The Rhythm of Our Lives
Rolla MO USA
From NEW BEGINNINGS, Vol. 25, No. 1, January-February 2008, pp. 22-23
When I became a mother, many things in my life changed. I was startled and dismayed by the magnitude in which my free time diminished and, one by one, many of my leisure pursuits and hobbies were discarded. The time for one of my favorite hobbies increased exponentially, however, and this was a very pleasant surprise. That hobby is reading. As a child, I was a voracious reader -- my mother had to set a limit for me of "only two books a day." In college and graduate school, reading for fun fell away and I spent six years reading primarily textbooks and journal articles. In the years following, I began to read for pleasure again and when my first baby was born in 2003, I once again became a truly avid reader. Why? Because of breastfeeding. As I nursed my little son, I read. I devoured mostly nonfiction with occasional fiction as "dessert."
At first I scoured THE WOMANLY ART OF BREASTFEEDING and the Sears' The Baby Book to try to make sense of my new life, and then I began to gobble up books about motherhood and women's experiences of mothering. Reading helped me to adjust to motherhood. An article published in the fall 2003 issue of Mothering magazine ("Breathing In, I Am Nursing My Baby: Breastfeeding as a Spiritual Practice" by Leslie Davis) was immensely meaningful to me. My baby was about two weeks old when I read it. Breastfeeding can be a meditative and spiritual act -- it is actually a "practice," a "discipline" of sorts. Author, Leslie Davis, explains it better:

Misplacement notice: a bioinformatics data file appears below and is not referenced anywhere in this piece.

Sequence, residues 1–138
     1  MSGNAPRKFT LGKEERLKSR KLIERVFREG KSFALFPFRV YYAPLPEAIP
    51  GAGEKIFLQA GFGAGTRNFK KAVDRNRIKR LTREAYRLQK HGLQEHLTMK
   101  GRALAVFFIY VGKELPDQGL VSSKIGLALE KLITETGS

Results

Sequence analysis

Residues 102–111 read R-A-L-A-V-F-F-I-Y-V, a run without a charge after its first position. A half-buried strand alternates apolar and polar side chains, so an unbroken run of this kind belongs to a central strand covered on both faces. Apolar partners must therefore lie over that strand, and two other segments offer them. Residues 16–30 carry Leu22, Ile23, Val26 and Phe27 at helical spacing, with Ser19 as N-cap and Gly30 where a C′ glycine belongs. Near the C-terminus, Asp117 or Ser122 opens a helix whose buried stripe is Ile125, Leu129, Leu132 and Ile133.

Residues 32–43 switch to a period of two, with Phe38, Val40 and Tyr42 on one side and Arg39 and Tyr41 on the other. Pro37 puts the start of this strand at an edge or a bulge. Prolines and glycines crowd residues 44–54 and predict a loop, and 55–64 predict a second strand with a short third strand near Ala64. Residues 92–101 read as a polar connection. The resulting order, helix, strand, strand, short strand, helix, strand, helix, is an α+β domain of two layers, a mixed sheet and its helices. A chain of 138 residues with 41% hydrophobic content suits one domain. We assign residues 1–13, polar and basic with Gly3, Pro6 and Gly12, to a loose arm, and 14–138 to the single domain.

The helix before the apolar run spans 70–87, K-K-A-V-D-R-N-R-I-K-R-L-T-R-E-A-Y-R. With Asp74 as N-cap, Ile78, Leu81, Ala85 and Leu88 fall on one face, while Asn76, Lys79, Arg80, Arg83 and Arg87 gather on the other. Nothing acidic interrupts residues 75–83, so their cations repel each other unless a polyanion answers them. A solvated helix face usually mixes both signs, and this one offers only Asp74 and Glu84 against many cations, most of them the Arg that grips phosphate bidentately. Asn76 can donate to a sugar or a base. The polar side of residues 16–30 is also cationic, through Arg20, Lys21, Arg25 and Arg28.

I realized I'd never before devoted myself to something so entirely. Of course I've devoted myself to my husband, to my family, to friends, to my writing, to mothering, and even to God and other spiritual endeavors at various points in my life...I'd completely given myself to this act of nursing in a way that I never had before. Nothing was more important than nursing my son. Nothing was put before it. There was no procrastination as with exercise, no excuses as with trying to stop eating sugar, no laziness as with housecleaning and other chores. Nursing had to be done, and I did it, over and over again, multiple times a day, for more than 800 days in a row. It was the closest thing to a spiritual practice that I'd ever experienced.
Viewing the act of breastfeeding through a spiritual lens like this was a lifeline to me as a vulnerable, sensitive, and bruised postpartum woman trying desperately to adjust my pace as an overachieving, "successful," independent person to one spending hours in my nursing chair attached to a tiny mouth. I marvel at the uncountable number of times I spent nursing Lann and that I now spend nursing my second son, Zander. I calculate that I've probably nursed Zander about 3,000 times just lying down to go to sleep (nap or bedtime, plus waking up times, too). That is just the lying down times, not the sitting in the chair or standing in the baby carrier times. This is the key to my reading success -- I've had over 3,000 opportunities during the last year to pick up a book or other reading materials!
In 2007, I read approximately 150 books. I lie in my "nest" with my baby nursing and my older son resting near my back. The baby is nourished by me and, in this pause in the busyness of life, I am in turn nourished by the access he allows me to the printed word. As he grows bigger with my milk, I also "grow" intellectually and in the opportunity for spiritual and emotional renewal. As my baby drifts off I read to myself, and when he is asleep I read stories to my four-year-old. This is the rhythm of our lives -- suck, swallow, read, and consider.